As earbuds become more capable and packed with advanced features, figuring out which earbuds will work best for you can be a daunting task. Choosing from different shapes, sizes and capacities gives you a sea of options.
Also: Bose’s QuietComfort Ultra are the most comfortable, best-sounding headphones I’ve tested
But the latest from Bose, is new QuietComfort Ultra Earbuds Advanced noise-canceling, high-quality sound, all-day comfort, and the promise of an interesting take on spatial audio, and it could be the all-encompassing duo that buyers have been waiting for.
I spent a week with the QuietComfort Ultra earbuds and took a deep dive into its best features. Are these the top earbuds you can buy? How do they stack up against the competition? And are they worth the $299 price tag? I answer all these questions below.
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Bose QuietComfort Ultra Wireless Earbuds
Bose’s new earbuds feature a six-hour battery life, noise-canceling capabilities, and two modes of immersive audio — one for sitting or standing still and one for moving around.
The QuietComfort Ultra earbuds, which I’ll refer to as the QC Ultra earbuds, come with Bose’s Fit Kit that includes three pairs of ear tips, three pairs of stability bands, a charging case, and a 12-inch USB-C cable.
The charging case is quite heavy; It’s bigger than my JBL Tour Pro 2 earbuds and my roommate’s AirPods (2nd Gen), but it has a smooth finish and it has a nice, reassuring weight. Scratches and scratches are also very visible on the white smoke case that the earbuds come in, so I’d recommend opting for the black or moonstone blue colors if you want your accessories to look pristine.
As far as audio performance goes, the QC Ultra earbuds offer impeccable noise cancellation — the best I’ve tried yet — and powerful sound. With strong ANC, I was able to dig into my work listening to my morning classical playlist and blocking out the noisy office chatter around me.
More rounded than round, the shape of the ear tip snugs up well against my ear, and I’ve never had a problem with it falling off as I move around. I appreciated that the touch controls on both ears were incredibly responsive, as other earbuds I’ve tried have difficulty mastering the capacitive touch controls.
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One feature I particularly enjoyed while listening to the QC Ultra earbuds was the different sound modes you can access through the Bose Music Companion app. These buds not only come with a quiet mode and an alert mode. You can cycle through six audio modes: Calm, Conscious, Immerse, Commute, Run and Work. In the app or by lightly pressing your left earbud, you can take advantage of pre-set modes that turn specific audio modes on or off based on your daily activity, such as a commute, run or work.
Because I like to be aware of my surroundings during my subway commute, I especially enjoyed the app’s commute mode. It offers some noise cancellation, so I can properly hear and appreciate my music but mixes it up with a distinct level of noise awareness.
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Immersive Audio is Bose’s spatial audio, and the new feature is something that sets the QC Ultra apart from previous generations of QuietComfort earbuds. Immersive audio adds an airy, multidimensional sound to what you’re listening to, creating a completely immersive listening experience.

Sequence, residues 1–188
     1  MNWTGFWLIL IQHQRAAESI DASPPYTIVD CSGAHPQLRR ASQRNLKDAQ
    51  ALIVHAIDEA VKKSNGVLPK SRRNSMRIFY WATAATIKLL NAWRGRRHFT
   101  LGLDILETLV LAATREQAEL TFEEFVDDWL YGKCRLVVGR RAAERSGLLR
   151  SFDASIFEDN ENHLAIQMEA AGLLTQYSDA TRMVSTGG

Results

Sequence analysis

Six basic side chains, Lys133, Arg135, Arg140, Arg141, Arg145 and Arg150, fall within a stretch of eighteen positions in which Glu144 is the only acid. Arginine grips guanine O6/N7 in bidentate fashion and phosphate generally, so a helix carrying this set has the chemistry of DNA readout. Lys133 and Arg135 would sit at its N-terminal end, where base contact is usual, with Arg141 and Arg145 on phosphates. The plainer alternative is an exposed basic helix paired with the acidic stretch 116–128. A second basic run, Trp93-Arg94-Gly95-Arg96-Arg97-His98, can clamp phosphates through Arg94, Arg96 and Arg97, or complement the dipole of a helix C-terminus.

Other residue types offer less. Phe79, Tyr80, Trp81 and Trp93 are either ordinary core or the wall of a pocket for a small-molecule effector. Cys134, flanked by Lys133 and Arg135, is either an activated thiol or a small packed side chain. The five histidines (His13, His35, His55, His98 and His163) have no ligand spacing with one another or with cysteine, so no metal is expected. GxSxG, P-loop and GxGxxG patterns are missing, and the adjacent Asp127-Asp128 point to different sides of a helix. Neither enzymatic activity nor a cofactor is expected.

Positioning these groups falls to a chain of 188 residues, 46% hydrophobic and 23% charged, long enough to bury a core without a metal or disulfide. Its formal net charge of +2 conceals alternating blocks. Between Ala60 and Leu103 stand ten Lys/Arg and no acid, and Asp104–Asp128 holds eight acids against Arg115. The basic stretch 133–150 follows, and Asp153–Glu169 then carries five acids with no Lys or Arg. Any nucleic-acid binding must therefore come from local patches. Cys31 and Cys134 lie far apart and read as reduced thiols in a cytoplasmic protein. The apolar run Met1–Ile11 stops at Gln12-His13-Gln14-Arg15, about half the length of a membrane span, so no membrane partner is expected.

You can choose between “Still” or “Motion” to sit or stand in place, which makes the feature work properly when you’re walking around. This is a great feature and adds an extra layer of engagement to any workout or physical activity you do with the earbuds.
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While listening to Lipar Dua swan song, I toggled between Immersive Audio and Aware mode to hear the difference between the various filters Funnily enough, I found every aspect of the song to be more spacious and immersive (no pun intended) with Immersive Audio turned on.
While immersive audio is a great feature, it can also be a battery drain. By design, earbuds have a shorter battery life than larger headphones and speakers, because the internal electrical components can only handle so much with such a small room. If you’re cross-shopping, the QC Ultra earbuds’ six-hour battery life is less than Sony’s latest flagship earbuds, the WF-1000XM5, despite both earbuds being priced the same.
With the Immersive Audio feature turned on, the QC Ultra earbuds’ six-hour battery life quickly drops to four hours, which isn’t enough to get me through a workday. This isn’t a big problem if you’re going through one to two hour listening sessions at a time, of course.
One issue I have with the QC Ultra earbuds is that despite being equipped with Bluetooth 5.3, they are a pair of premium earbuds without Bluetooth multipoint connectivity. Without Multipoint, you can’t seamlessly switch the Bud’s audio output between two devices, like your smartphone and your laptop.
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Bose’s accompanying QC Ultra over-ear headphones are equipped with Bluetooth multipoint, and the company says the feature is on the way for earbuds. Still, at $299, I expect it to be available out of the box.
ZDNET’s buying advice
It’s clear to me that Bose prioritized noise-cancellation and sound quality with the new ones Bose QuietComfort Ultra Earbuds. For a pair of earbuds, the sound quality is top-notch, and the noise-canceling easily shielded me from car horns, train rides, and many other New York City noises.
If you’re looking for a pair of headphones that can keep up with your audio needs, the QuietComfort Ultra earbuds are the way to go, especially if you’re on the fence about the older, similarly priced QuietComfort II buds.